Man pleads guilty to rape to save victim from jail

June 19, 1992|By Deidre Nerreau McCabe | Deidre Nerreau McCabe,Staff Writer

A Baltimore man pleaded guilty yesterday to second-degree rape -- to keep his 14-year-old victim from going to jail for refusing to testify against him.

The man, whose identity is being withheld to protect the victim, was charged with having sexual intercourse 25 to 30 times with his sister-in-law, now 14. The girl, who lives in Glen Burnie, was 9 years old when the sexual relations began, prosecutor Cynthia M. Ferris said.

But the victim, who says she loves the 25-year-old defendant, refused to testify against him during his trial in Anne Arundel County Circuit Court, prompting Judge Eugene M. Lerner to threaten the girl with jail for contempt of court.

Ms. Ferris and defense attorney David P. Henninger had already selected a jury and made opening arguments. Ms. Ferris warned the jury during opening arguments that the middle school student might not cooperate.

"She's formed a misguided loyalty to him," Ms. Ferris said.

Despite warnings from the judge, the victim refused to answer the questions while on the stand.

Judge Lerner sent the jury out of the courtroom before questioning the girl. "Do you want to go to jail, young lady?" he asked her.

"No, Your Honor, I don't."

"Well then, you'll answer the questions."

"No, Your Honor, I won't."

The attorneys were flustered. Ms. Ferris said later that she had no case without the girl's testimony.

The girl's mother, wringing her hands, called across the courtroom, "You're going to go to jail for him?"

Pointing to an attorney sitting in the courtroom for another matter, Judge Lerner drafted attorney Peter O'Neill into service, telling him to talk to the girl.

Relatives from both families darted into the hall. When they returned minutes later, the defendant, who had insisted on pleading not guilty, had changed his mind. He had decided to plead guilty to spare the girl from going to jail, his lawyer informed the judge.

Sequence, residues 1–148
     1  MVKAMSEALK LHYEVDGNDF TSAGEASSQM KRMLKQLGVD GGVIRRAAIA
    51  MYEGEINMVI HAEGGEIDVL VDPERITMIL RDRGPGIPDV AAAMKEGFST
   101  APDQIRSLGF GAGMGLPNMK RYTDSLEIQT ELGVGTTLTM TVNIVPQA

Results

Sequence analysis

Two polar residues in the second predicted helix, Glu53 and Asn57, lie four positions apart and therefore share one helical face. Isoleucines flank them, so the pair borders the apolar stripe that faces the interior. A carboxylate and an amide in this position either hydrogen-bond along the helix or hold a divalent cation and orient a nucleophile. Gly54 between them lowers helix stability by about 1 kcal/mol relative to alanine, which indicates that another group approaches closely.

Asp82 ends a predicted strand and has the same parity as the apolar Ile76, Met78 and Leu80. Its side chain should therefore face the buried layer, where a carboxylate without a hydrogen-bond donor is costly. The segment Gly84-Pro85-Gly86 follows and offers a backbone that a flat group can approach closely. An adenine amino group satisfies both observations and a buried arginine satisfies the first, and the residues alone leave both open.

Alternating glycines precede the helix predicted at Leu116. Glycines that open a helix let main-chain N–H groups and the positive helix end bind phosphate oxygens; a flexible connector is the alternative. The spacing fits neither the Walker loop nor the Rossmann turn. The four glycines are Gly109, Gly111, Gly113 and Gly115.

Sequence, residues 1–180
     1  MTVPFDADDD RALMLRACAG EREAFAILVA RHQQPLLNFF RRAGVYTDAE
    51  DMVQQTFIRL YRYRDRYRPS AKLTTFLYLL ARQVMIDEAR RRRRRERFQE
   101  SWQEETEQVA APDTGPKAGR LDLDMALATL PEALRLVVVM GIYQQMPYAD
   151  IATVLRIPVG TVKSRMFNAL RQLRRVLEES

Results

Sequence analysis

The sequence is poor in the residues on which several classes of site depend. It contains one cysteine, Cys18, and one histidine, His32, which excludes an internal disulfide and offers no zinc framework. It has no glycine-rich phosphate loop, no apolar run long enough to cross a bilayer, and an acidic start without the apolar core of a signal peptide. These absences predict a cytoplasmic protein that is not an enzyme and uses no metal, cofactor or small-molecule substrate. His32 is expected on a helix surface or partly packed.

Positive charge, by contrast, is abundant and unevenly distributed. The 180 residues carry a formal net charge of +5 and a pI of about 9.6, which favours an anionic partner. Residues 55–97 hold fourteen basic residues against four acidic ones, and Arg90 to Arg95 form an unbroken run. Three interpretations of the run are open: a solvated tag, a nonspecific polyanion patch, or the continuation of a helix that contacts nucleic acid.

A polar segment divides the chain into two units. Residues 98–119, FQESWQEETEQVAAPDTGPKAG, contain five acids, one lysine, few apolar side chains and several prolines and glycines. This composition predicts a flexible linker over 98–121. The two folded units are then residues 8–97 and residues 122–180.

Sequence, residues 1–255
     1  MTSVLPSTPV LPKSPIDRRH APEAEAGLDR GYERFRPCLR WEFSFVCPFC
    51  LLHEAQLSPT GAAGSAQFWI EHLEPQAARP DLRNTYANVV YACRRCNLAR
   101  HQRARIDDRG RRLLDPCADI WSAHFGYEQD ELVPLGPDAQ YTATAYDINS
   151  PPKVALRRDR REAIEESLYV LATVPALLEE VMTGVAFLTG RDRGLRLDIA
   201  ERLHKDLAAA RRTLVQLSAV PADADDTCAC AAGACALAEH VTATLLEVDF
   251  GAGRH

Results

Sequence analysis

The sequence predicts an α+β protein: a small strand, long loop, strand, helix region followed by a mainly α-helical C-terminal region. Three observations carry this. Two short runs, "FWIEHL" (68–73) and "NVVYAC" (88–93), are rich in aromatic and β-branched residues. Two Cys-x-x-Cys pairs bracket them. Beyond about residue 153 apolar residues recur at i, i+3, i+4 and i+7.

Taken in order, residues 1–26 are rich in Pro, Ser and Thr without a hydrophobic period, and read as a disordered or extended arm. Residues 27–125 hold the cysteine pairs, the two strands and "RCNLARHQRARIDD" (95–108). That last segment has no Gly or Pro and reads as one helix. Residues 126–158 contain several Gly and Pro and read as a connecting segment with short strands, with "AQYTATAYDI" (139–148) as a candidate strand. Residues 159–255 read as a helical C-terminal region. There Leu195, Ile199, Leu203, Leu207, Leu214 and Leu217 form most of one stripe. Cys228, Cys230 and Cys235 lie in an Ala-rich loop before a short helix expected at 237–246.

The girl jumped from her seat, shouting "No!" and a string of obscenities.

Again, the families ran for the hall. Guards bolted after them. Ms. Ferris told the judge she would recommend a sentence of five years with all but two years suspended, and that the state's attorney's office would drop the contempt of court charge against the girl in exchange for the guilty plea. The maximum penalty for second-degree rape is 20 years, she said.

Judge Lerner imposed the sentence, giving the defendant credit for time served since his arrest Jan. 29. He also imposed four years of supervised probation, stipulating that the defendant could have no contact with the girl until she was at least 16, the legal age for consent. Judge Lerner also ruled that the defendant would submit to psychological counseling.

The incidents, which led to charges in both Anne Arundel County and Baltimore City, occurred from about 1987 to last October, when the girl ran away from home, Ms. Ferris said. Several weeks after the girl was reported missing, police located her and she confided in them that her brother-in-law had repeatedly had sex with her.

Mr. Henninger said his client was arrested after an investigation of several months. The man was charged in Baltimore because the incidents allegedly took place at both the defendant's and the girl's residences.

The defendant is still married to the girl's sister and the couple has two children. He is scheduled for trial in Baltimore on June 29, Mr. Henninger said.

As the man was led out in chains past the girl's mother, she shouted, "I hate you!"

The defendant, who has a sixth-grade education and said he could "read and write a little," shot back, "Good. Me too."

Ms. Ferris said that the Department of Social Services would help work out a permanent placement for the girl, who has run away numerous times and had been placed in an educational program for troubled youths in Anne Arundel County.

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